Aidy Halimanjaya assumes that the lack of discussion about the direction of policies on the use of resources in the regions happens due to weak political communication at the national level and the knowledge gap of each government institution.
“Generally, government institutions do not see policy to its impact. It stops at the output level. We know that output level doesn’t need much coordination,” Aidy said.
Next, Maria Emeninta highlights one of the challenges to promote just energy transition is the inconsistent policy from the government. More than that, she believes that each government institution should coordinate well to reach the expected implementation of just energy transition.
“It feels that just energy transitions seemingly silent because it has not become the responsibility of the Ministry of Environment and Forestry. The Ministry of Environment and Forestry does not coordinate with the Ministry of Labour, so this issue has become abandoned,” she explained.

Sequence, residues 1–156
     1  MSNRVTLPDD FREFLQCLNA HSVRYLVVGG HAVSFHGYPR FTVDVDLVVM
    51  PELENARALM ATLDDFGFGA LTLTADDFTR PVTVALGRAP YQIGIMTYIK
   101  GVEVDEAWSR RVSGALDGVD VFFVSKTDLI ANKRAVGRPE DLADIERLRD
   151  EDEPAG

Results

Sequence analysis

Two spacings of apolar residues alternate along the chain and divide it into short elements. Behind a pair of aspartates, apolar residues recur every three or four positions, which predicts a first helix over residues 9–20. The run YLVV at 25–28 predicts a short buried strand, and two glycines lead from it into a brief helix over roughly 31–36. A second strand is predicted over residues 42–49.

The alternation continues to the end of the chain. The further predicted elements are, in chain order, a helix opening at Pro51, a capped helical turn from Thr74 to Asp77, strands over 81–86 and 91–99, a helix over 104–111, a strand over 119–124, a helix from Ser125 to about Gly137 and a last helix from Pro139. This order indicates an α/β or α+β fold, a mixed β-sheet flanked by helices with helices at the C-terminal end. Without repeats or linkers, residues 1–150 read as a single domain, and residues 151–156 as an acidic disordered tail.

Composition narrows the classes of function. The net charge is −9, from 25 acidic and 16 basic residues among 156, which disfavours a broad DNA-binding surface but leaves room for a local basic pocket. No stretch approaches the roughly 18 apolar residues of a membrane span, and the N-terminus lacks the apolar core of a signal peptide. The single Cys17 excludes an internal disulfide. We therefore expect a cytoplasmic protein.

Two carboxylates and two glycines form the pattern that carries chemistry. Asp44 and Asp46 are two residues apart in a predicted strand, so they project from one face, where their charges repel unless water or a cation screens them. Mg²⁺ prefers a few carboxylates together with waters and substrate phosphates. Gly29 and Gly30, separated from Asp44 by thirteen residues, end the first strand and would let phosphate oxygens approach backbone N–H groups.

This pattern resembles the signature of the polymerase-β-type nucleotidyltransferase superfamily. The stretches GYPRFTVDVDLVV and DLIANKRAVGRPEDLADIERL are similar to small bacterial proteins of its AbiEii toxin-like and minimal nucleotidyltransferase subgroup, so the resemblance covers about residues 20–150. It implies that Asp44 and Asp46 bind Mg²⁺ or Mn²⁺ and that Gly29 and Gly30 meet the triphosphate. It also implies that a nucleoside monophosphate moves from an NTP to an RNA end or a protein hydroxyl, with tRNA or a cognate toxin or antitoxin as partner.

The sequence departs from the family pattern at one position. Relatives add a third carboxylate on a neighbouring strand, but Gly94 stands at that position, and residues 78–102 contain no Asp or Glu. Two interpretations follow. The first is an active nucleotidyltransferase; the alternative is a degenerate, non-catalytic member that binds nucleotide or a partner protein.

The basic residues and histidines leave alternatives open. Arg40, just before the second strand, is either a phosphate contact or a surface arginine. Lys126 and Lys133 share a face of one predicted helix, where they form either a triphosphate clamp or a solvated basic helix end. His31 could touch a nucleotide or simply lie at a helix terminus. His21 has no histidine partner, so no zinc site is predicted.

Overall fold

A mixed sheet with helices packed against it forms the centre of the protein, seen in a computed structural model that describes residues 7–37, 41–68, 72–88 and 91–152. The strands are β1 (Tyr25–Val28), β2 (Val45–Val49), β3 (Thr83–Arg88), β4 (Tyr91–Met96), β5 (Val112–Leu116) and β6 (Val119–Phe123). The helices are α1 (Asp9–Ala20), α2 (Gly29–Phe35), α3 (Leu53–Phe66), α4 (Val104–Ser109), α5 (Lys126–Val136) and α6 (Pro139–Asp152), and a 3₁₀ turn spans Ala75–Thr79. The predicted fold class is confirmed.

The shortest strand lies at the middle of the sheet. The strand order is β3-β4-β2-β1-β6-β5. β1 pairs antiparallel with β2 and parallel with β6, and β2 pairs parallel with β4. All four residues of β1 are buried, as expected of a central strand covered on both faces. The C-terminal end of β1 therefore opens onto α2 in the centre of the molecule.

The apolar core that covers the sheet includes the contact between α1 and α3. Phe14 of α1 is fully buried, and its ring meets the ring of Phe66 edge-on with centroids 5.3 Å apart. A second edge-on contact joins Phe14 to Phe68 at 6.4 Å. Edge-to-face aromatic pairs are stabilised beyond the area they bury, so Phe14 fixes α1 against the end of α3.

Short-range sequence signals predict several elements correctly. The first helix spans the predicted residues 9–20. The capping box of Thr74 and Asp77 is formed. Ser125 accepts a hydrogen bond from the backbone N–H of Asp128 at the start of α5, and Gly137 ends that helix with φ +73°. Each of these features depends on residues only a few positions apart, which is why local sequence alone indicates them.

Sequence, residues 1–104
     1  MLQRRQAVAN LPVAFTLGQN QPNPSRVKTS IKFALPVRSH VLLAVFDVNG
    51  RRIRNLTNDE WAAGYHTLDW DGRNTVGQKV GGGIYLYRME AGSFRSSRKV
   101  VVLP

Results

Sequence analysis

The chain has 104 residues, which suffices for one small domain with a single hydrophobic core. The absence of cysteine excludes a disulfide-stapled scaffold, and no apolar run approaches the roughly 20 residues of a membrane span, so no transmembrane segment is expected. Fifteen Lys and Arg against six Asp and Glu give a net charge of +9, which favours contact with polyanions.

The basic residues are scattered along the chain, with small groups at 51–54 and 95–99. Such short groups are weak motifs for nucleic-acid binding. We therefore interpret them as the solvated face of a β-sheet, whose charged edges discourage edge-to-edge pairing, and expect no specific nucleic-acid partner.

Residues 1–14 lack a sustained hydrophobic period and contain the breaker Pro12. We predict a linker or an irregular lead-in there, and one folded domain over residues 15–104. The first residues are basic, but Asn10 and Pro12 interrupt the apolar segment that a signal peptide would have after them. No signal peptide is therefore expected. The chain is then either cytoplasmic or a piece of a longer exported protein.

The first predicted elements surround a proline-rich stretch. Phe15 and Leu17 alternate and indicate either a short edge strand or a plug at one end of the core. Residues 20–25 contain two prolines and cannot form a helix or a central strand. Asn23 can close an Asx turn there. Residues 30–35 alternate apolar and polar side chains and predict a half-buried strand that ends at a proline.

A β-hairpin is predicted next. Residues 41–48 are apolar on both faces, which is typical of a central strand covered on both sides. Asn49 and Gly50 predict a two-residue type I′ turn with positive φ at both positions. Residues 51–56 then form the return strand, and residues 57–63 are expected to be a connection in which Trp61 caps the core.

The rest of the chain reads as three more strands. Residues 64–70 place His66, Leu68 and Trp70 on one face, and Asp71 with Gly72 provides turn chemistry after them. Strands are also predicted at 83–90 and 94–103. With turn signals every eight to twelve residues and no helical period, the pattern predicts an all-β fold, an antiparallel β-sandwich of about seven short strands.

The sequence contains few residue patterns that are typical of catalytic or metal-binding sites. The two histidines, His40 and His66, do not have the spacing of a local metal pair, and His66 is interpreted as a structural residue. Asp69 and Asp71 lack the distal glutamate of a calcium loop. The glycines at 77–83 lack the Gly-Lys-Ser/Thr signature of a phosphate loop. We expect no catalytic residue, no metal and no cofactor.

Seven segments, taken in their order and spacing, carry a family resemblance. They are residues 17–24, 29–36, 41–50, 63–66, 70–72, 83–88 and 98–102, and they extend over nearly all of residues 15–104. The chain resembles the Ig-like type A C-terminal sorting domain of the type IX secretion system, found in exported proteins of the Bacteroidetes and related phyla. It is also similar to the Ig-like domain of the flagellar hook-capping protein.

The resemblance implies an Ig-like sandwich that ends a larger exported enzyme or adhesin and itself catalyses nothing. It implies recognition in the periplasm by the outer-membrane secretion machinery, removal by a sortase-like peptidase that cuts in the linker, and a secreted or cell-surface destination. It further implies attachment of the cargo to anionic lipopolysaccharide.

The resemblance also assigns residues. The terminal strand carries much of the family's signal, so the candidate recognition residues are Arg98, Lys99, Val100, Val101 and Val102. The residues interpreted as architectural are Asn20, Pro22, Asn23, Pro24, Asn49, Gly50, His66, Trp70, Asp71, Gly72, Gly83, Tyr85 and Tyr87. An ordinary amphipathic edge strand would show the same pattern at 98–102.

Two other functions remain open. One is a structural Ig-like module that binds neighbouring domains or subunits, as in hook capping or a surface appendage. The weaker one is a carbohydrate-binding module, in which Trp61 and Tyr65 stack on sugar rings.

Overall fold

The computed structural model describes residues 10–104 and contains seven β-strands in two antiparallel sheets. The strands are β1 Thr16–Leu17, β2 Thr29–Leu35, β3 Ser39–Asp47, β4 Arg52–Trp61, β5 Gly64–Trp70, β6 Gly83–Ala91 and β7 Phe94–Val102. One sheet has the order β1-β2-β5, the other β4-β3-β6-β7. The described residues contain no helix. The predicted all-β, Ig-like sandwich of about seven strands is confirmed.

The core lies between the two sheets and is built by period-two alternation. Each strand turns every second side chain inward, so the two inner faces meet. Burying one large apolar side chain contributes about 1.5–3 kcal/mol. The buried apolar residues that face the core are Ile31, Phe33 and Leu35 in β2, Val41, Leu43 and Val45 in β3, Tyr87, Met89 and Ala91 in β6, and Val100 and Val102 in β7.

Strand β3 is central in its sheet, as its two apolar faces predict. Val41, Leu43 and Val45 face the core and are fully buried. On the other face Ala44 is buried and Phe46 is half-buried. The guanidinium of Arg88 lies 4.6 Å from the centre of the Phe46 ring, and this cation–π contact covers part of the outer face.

IESR realizes that even though energy transition is a global issue and phenomenon, it is still considered new in Indonesia. However, IESR believes that Indonesia’s energy transition planning is important concerning reaching the target to lower the earth’s temperature as it is agreed in the Paris Agreement.
Thus, the launching of the Energy Transition Roadmap Study became one of the ways to urge policymakers to understand this issue and seriously discuss it. Later on, it is needed to unify the understanding of the policymakers and other parties so that we can draw tangible urgency and concrete action plans to deal with the impact of the energy transition.
“The just energy transition process does not impact the energy system only. It will also transform the economic and Indonesian development system. Therefore, this study recommends a consultation process with various policymakers to integrate energy transition issues into national and regional development plans,” said Fabby in his closing remark.